A great thing about kuchen is that it comes in so many styles and flavors. While this is good, it sometimes led to divisions at the dinner table. Adults preferred rhubarb and prune kuchen, while children favored apple, peach or strawberry. To get around this, my mother often made a sugar kuchen, which she knew everyone would like. Her recipe is flexible enough to make kuchen with or without fruit.
When cooks made kuchen to feed men working in the field, they didn’t make just one; they made several, and extras to freeze. Great-aunt Edna’s original recipe makes about eight kuchen. To make fewer, adjust the ingredients. Or make eight, some plain and some with fruit.
Soak the yeast in the 2/3 cup water with the one tablespoon sugar. Let set 10 minutes. In a large bowl, mix the shortening, sugar and eggs with a mixer. Add in the salt and scalded milk. Add in the yeast mixture.
Mix in 3 cups flour. Add remaining flour a little at a time to make a soft dough. Grease a large bowl as you usually do for rising dough and place dough in bowl, flip the dough over to grease the top. Cover with a tea towel and let rise in a warm place until doubled--at least 1-2 hours.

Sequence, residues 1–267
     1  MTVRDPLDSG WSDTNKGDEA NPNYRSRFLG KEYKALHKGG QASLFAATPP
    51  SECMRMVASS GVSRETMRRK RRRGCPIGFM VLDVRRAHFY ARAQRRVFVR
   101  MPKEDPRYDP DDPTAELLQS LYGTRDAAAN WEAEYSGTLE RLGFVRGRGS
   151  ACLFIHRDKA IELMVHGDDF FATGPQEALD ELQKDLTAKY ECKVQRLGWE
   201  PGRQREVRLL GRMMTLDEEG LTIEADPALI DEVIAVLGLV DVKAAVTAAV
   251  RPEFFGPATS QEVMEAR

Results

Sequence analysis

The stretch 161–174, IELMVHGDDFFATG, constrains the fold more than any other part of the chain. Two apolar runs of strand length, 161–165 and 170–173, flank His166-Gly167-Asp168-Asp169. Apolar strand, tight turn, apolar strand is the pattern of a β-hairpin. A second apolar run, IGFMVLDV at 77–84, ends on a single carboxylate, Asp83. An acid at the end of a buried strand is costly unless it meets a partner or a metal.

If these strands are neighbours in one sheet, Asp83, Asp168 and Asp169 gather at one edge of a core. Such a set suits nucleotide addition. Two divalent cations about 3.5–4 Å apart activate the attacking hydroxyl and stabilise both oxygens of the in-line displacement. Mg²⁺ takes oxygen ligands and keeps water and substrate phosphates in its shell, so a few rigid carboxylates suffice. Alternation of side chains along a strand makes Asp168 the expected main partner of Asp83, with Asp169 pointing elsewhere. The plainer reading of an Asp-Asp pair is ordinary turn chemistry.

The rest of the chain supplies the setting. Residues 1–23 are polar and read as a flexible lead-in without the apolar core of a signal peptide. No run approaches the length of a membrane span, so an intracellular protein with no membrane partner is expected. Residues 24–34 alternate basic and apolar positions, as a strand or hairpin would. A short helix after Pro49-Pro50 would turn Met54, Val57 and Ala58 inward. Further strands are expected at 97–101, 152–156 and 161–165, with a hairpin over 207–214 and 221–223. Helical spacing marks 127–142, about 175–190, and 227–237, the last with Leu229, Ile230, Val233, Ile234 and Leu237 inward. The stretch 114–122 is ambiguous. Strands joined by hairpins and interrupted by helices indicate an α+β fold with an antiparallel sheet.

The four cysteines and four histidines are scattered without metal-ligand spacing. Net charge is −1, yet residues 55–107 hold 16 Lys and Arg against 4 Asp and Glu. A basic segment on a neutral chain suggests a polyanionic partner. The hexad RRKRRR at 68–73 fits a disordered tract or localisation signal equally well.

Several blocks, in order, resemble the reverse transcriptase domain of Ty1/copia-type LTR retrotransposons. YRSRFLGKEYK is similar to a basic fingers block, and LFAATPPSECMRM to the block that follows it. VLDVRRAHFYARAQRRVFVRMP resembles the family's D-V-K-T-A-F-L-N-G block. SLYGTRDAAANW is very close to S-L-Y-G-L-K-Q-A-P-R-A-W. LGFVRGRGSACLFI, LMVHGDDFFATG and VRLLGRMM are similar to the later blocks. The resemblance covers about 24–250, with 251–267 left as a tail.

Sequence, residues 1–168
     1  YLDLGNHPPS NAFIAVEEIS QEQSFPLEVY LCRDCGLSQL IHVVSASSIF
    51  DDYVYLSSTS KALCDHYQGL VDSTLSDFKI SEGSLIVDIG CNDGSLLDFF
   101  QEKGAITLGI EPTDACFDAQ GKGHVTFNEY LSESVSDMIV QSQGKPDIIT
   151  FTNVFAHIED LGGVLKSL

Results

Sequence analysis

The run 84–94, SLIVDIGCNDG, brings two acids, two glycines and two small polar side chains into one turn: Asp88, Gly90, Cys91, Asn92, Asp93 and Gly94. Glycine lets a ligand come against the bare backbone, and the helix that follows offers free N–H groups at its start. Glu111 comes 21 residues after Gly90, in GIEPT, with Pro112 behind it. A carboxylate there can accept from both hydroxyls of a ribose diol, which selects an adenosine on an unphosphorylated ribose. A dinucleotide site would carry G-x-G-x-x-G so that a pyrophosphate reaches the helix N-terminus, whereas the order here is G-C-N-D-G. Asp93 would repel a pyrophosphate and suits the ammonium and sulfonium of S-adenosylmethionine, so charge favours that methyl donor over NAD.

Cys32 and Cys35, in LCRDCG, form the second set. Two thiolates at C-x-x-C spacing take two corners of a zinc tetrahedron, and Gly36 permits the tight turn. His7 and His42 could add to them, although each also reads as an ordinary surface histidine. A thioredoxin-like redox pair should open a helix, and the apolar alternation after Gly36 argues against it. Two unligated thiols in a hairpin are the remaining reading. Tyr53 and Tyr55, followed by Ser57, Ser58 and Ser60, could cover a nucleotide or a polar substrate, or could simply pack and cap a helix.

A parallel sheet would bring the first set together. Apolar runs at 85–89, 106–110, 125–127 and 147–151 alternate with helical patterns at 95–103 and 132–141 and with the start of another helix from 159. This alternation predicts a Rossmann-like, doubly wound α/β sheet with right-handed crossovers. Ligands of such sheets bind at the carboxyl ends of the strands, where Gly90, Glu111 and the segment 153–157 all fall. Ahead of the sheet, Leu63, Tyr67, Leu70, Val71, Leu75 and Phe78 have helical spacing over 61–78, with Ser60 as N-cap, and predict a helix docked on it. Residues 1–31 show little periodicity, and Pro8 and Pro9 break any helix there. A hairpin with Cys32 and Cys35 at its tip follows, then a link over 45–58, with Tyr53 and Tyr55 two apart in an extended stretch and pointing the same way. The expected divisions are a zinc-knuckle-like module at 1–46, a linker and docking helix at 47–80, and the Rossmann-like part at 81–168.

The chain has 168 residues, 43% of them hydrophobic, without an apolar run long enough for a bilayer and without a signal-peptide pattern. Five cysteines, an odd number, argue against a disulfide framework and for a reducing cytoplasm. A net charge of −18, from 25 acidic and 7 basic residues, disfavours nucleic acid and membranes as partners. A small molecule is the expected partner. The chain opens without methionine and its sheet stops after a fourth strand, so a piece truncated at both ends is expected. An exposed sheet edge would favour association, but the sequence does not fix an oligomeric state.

While dough is rising, combine all ingredients for custard topping in 2 quart saucepan and cook over medium heat, stirring constantly until thick. Be sure to stir it constantly as it will burn. Remove from heat and let cool to room temperature.
Once dough has risen, punch down dough and make into kuchens. I divide the dough in half and then divide each half into fourths. Grease 8 9-inch pie pans. I use non-stick spray. Form each piece of dough into ball and then press dough out and up sides of greased pans.
Add fruit filling to each kuchen. I use any of the following: cherry pie filling, cooked prunes, fresh sliced peaches or peach pie filling as well as cottage cheese filling. Top each kuchen with a few spoons full of the now cooled custard filling and spread across fruit. Sprinkle with cinnamon. Let kuchen rise 10 minutes.
Bake about 20 minutes at 350 or until edges are a light golden brown. Remove from pan and let cool on wire rack. As soon as you remove the kuchen from the oven, brush the edges with melted butter to keep them soft. You can leave them in the pans to cool. If I bake these in foil pans, then I just let them cool in the pan. Cover and store in refrigerator or place in ziplock bag and freeze. These freeze well and will taste great reheated in the oven or microwave.